Russia Ukraine Crisis Treasury Update

Report date: 
10 Mar 2022

Today’s call was very sombre. Two weeks ago (Report: Russia Treasury & Banking Update 21st Feb), members were looking at contingency plans, but the consensus was that most of what was happening was posturing, and that the worst would not happen. Today, there was no discussion of how long hostilities might last – most people agree that there is no easy or rapid solution in sight. Instead, the main priority of most participants is making sure their teams are safe, helping them leave Ukraine if they wish, and making sure salary payments get through in both countries. We all send our best wishes to the many people whose lives have been shattered by this conflict.

The actions and approaches were remarkably consistent across all the participants. Topics discussed and actions taken:

  • The main priority is the safety of the local teams. Nearly every participant has taken extra steps to make sure local staff have cash, including prepaying salaries by up to three months. This is being done in both Russia and Ukraine, as MNCs cannot be sure of being able to remit cash to Russia in the future.
  • Most participants have either exited, suspended, or slowed down their businesses in Russia. Those who are importing goods into Russia for sale locally are continuing business as long as inventories last, but they are not shipping new inventory into the country.
  • There were a few questions about the sanctions, but the general view is that these are clear. Even if a company wants to ship goods into Russia, it is proving very difficult to find logistics companies who are prepared to undertake the shipment.
  • Payments continue for the time being. In Ukraine, the banking system continues to function, and some participants have sent cash into the country to make sure salaries are paid. Paying cash out of Ukraine is no longer possible, but payments continue to be made out of Russia, even if they can be slowed down due to additional sanctions checks.
  • The main sanctions related discussion was about the extent to which local payments within Russia can still be made using sanctioned banks. The general feeling was that this is allowed, though there was some confusion. Participants have received conflicting advice about whether there is an effective carve-out in the sanctions for salary payments.
  • Foreign banks are registered under local law in Russia, so they can, and do, continue to operate. As usual, some are providing better service than others.
  • One issue raised with sanctions is that they can cause issues for the local staff: it may be illegal under local law for them to apply the sanctions, or it can cause them personal issues. This is usually being monitored closely with HR and Legal.
  • Most companies are re-evaluating their hedging programmes:
    • Hedging the rouble has become a lot more expensive, and there is unlikely to be much underlying business to hedge, so most programmes will probably stop.
    • In many cases, it is proving difficult, or impossible, to roll existing hedges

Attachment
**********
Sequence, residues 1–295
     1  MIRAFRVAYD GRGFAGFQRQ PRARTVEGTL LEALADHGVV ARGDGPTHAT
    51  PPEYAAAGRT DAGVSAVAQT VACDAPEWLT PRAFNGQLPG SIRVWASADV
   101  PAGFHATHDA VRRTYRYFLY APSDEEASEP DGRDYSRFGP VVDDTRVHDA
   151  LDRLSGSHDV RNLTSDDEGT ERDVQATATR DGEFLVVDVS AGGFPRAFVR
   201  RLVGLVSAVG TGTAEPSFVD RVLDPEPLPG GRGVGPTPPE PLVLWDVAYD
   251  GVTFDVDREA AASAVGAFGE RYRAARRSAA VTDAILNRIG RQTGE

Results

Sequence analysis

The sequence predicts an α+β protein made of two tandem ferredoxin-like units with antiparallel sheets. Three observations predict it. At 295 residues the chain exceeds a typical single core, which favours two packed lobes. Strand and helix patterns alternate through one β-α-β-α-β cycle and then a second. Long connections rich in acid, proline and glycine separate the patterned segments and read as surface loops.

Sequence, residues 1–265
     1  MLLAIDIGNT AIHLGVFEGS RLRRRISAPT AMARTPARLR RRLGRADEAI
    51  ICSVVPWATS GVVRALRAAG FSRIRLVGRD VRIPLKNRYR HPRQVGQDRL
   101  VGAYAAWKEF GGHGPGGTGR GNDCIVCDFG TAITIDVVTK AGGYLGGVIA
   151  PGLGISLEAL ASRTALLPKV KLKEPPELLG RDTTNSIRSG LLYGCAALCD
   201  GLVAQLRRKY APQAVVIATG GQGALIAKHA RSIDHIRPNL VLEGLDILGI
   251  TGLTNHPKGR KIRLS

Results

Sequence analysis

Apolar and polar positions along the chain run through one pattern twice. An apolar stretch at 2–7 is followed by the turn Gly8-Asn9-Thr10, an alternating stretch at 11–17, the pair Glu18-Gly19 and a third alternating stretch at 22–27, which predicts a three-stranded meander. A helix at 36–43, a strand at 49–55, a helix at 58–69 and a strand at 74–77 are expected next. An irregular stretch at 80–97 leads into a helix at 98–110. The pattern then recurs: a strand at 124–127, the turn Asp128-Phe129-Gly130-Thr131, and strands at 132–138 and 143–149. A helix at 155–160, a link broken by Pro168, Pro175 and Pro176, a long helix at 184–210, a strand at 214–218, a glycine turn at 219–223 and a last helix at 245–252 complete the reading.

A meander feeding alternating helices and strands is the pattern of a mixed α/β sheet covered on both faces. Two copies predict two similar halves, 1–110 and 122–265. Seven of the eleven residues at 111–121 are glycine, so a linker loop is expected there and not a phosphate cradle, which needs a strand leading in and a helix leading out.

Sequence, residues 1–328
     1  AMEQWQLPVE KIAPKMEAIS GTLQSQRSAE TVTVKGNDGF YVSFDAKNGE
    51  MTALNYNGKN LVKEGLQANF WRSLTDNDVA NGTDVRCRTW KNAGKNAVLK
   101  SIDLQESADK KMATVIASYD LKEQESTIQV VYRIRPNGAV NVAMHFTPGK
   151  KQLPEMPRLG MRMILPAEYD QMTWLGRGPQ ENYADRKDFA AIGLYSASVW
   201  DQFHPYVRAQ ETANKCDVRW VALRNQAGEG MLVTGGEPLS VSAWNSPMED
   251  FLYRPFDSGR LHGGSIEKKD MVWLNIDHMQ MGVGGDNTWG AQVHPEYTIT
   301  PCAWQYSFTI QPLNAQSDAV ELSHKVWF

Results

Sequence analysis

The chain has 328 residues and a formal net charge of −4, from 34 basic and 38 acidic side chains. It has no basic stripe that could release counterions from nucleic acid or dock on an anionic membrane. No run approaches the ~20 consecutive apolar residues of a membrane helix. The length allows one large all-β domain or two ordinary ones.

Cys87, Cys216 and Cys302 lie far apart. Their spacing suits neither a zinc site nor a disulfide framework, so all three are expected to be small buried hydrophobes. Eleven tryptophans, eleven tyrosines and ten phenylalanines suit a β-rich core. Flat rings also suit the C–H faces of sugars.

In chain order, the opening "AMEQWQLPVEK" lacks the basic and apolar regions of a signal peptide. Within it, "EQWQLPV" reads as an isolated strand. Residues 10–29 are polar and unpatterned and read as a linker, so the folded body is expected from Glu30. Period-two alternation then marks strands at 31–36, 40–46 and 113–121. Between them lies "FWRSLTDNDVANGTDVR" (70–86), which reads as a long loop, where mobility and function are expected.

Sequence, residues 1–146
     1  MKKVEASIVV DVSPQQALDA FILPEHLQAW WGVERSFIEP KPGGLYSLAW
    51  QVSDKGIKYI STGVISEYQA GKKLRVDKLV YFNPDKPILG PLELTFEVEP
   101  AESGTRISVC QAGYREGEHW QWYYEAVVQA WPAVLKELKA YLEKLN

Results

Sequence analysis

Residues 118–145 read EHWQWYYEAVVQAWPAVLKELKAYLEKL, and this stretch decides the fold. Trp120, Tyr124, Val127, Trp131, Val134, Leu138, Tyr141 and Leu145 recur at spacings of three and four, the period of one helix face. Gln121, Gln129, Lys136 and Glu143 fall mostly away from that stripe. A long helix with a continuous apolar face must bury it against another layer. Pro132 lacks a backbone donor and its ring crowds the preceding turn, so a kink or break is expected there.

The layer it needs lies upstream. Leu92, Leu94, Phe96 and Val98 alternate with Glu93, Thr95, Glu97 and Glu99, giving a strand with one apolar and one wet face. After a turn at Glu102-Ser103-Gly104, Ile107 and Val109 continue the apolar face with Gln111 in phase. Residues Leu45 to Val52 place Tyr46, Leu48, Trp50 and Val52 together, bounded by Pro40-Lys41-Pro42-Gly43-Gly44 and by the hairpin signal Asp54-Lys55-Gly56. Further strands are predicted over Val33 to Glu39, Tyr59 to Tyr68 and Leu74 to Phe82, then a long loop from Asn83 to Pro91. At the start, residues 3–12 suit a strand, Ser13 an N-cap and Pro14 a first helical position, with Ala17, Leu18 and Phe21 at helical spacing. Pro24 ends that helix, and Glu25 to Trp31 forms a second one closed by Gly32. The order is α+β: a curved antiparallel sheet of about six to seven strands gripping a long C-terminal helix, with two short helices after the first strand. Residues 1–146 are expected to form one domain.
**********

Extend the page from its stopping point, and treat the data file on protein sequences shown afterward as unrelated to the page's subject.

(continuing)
• For NDFs, the reference rate used for settlement is no longer being quoted *(see note below), so it will be necessary to negotiate with the banks about what alternative rate to use
    • No participant was concerned about forwards which require them to deliver roubles outside Russia. However, companies to whom this applies are advised to discuss this situation with their banks: if they find themselves unable to deliver the roubles on the due date, the situation can become messy and potentially expensive.
  • Some participants have bolstered local liquidity in Russia by taking out local bank loans, which continue to be available – though there is some nervousness about how long lines may be available. Many have sent in cash via intercompany loans to make sure salaries and taxes can be paid. Several participants have also bolstered the liquidity of their Ukrainian operations by sending in intercompany loans.
  • There was little discussion about how to continue making payments despite the sanctions. It was pointed out that, even if a bank is barred from SWIFT, payments can still be made using paper instructions – though delays may occur due to the need to implement new correspondent banking relationships and apply additional sanctioned party checks. In any case, the feeling is that sanctions will limit the amount of business giving rise to payments.
  • A couple of participants are being impacted by the removal of international credit cards: this impacts Russian staff currently outside the country on short term assignments, and those receiving payment by credit card from inside Russia.

Bottom line: the main concern is the safety of local staff and making sure they have enough cash to survive. Business in Russia is basically on hold, but cash is still flowing where it is required, especially for salary payments. Participants are being very careful to adhere to the new sanctions.

Again, we all hope that the bloodshed will soon come to an end.

*Note: 10th March we have subsequently heard that the central bank is providing a daily fix against the USD at a rate that is lower than the market rate (105 – 115 compared to 130-140).

Contributors: 

This report was compiled by Monie Lindsey based on a Treasury Peer Call chaired by Damian Glendinning.

Countries: 
Topics covered in this report: 
Corporate Treasury, Raiffeisen Bank, RosBank, Sanctions, Sberbank, SWIFT

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